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Super Monsters Ate My Condo Review

The original Monsters Ate My Condo was a game that was so bizarre and so enjoyable that I actually gifted it to at least two of my friends just so I could make sure they played something that I figured they would otherwise not even think about buying.

At its heart a match-3 played against the pressure of an ever-closer-to-toppling-Jenga-like pile of colored condos and bizarre monsters straight out of poorly dubbed movies, MAMC provided just the right amount of personality and a Tetris-like constraint to the available playfield that made the gameplay more interesting than the standard “running out of available matches” you get with most match-3s.

Monsters are threatening the city and color-matching condos drop from the sky. To get rid of the condos, you can swipe them to either side to feed them to one of the monsters. Match three of the condos, and you create a bonus condo that you can either feed to a monster to activate its bonus power, or hoard in the hopes that you will create even more matches and make better bonus condos. The tower gets more unsteady with each swipe, and straightens with each match – if the tower falls, that’s the end of your game.

But you have to be careful: there are concrete blocks that will block your matches, and bomb blocks that will count down and destroy your tower. And feeding the monster a condo that doesn’t match its color will make it mad, causing it to shake the tower you are trying to keep together.

Today, enter Super Monsters Ate My Condo, which is billed as a sequel to the original, but plays more as an extreme refinement of the original.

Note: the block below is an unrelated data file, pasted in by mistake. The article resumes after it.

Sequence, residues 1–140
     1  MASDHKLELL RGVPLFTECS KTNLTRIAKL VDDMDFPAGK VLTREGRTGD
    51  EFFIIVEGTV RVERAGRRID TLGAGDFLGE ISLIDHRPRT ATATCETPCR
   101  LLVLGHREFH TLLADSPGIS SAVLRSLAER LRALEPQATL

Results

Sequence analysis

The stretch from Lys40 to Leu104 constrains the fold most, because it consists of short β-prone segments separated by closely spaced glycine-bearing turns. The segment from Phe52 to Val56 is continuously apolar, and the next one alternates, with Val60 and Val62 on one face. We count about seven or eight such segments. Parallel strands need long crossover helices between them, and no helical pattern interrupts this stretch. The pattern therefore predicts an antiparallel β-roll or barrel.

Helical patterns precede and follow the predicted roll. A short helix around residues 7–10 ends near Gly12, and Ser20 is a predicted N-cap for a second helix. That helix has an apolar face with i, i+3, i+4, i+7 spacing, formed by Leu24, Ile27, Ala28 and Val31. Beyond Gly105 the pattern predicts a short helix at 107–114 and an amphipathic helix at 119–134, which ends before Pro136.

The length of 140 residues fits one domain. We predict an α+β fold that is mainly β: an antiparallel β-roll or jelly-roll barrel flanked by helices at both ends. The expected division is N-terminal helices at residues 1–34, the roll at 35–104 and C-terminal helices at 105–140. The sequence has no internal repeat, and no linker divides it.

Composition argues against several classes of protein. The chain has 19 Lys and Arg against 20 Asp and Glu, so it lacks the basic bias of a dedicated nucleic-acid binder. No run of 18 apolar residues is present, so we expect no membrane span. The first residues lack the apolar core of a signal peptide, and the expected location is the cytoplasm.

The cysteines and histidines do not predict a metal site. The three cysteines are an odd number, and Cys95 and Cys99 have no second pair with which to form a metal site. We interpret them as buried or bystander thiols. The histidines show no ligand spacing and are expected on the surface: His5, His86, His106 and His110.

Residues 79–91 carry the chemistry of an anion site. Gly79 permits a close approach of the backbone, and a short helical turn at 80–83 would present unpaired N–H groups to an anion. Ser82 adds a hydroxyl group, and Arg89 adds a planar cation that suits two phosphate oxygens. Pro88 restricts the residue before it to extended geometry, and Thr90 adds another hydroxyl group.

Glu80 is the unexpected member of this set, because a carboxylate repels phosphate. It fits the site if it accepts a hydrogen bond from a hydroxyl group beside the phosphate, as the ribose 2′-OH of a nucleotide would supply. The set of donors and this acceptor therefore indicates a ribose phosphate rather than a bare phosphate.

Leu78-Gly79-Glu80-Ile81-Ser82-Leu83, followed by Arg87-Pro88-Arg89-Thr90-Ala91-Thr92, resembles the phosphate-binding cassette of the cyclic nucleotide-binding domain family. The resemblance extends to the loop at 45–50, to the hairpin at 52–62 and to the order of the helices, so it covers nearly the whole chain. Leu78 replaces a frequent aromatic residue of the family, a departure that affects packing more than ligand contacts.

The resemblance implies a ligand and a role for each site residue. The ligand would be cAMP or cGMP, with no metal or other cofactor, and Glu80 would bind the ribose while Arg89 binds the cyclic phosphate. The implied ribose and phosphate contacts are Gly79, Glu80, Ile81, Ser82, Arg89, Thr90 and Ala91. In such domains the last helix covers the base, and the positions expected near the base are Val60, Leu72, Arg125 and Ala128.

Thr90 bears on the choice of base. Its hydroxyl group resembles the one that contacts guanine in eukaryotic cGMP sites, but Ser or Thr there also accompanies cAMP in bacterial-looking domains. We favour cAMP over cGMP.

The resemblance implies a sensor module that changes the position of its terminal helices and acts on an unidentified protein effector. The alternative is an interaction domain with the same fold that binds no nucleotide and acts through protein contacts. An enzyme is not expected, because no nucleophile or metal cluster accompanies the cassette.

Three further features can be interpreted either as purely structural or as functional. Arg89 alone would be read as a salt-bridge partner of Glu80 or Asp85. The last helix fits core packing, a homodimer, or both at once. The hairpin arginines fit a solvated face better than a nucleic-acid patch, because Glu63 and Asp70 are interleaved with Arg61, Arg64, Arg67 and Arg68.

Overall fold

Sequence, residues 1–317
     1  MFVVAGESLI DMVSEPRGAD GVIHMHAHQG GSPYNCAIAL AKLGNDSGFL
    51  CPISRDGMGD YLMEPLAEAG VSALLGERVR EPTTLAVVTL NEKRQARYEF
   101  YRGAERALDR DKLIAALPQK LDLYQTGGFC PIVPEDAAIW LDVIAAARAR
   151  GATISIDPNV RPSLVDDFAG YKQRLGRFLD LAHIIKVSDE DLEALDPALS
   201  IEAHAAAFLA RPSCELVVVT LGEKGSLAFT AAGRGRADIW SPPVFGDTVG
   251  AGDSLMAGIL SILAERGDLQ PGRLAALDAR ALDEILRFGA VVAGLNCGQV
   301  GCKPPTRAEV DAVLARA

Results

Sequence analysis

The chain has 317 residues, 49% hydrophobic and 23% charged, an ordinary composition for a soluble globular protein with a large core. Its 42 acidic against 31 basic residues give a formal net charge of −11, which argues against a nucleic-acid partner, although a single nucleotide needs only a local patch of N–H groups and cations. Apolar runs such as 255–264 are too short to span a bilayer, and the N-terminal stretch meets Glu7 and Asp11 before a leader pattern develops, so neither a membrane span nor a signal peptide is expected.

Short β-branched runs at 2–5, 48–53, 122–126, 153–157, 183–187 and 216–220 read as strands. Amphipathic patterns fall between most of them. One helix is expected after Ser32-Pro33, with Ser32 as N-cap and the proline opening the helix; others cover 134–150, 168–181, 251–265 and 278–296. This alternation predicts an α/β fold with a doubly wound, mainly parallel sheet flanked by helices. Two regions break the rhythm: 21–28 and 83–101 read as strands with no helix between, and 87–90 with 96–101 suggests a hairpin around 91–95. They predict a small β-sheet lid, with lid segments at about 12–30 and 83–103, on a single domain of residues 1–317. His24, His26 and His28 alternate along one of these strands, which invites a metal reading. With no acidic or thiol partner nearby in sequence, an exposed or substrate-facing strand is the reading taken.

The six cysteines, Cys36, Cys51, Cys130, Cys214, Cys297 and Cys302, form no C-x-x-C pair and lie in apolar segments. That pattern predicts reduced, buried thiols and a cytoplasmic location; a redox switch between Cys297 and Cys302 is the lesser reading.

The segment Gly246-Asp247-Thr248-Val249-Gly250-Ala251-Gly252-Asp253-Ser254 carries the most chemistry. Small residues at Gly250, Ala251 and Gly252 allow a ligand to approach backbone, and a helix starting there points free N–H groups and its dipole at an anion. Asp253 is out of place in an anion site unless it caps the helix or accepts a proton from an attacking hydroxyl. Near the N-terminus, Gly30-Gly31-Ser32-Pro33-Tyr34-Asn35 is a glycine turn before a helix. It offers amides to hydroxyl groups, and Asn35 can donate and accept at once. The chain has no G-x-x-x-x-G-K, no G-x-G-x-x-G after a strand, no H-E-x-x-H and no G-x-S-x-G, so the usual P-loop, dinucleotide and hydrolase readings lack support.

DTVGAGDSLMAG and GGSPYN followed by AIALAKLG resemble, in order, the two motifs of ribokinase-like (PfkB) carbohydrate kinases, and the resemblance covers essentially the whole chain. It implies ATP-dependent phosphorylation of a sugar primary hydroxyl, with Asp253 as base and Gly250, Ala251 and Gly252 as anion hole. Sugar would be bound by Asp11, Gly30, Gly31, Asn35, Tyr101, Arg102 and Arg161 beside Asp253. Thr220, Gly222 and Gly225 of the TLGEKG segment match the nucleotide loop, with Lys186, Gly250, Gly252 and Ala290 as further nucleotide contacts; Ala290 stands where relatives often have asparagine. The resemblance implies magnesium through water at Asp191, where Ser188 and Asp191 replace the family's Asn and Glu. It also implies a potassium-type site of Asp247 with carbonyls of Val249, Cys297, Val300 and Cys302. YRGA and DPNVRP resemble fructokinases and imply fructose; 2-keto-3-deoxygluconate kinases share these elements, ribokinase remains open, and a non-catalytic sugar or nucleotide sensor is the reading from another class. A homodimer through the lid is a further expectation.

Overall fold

They made a few changes to the core gameplay, most of them for the better. Yes, there is now a monetization currency in the form of coins you earn while playing and then can spend on powerups and other goodies, either for every game you play or just for boosts that last for a single play (much like the recent Rock Band Blitz system).

But Pik Pok also added something that was really missing: a time limit. Giving the game a hard time limit increases the value of those boosts you can use at the beginning and alters the strategy as you begin each match, as the limited number of colors that appear at the beginning of any match provides you with easier chains and larger matches. The time limit also increases leaderboard competition—you have finite resources to score points.

The condos are more varied and get even crazier, with piggy banks that give you extra coins, cats that boost the level of your matches, and more detrimental condo types than just the bombs, but it never feels like it’s any more than just out of control. It’s delightful and adds flavor to the game in neat ways.

It’s only a buck and is pretty accessible. This new version has a better set of tutorials and explanations of what’s going on, plus goals to accomplish like those in Jetpack Joyride that teach you the basics of getting to super high scores. I’m hoping to break a billion at some point soon.

It’s a bit hard to explain what makes this game so special, but easier to see when it’s played. In that spirit, here’s a gameplay video of SMAMC in action for you: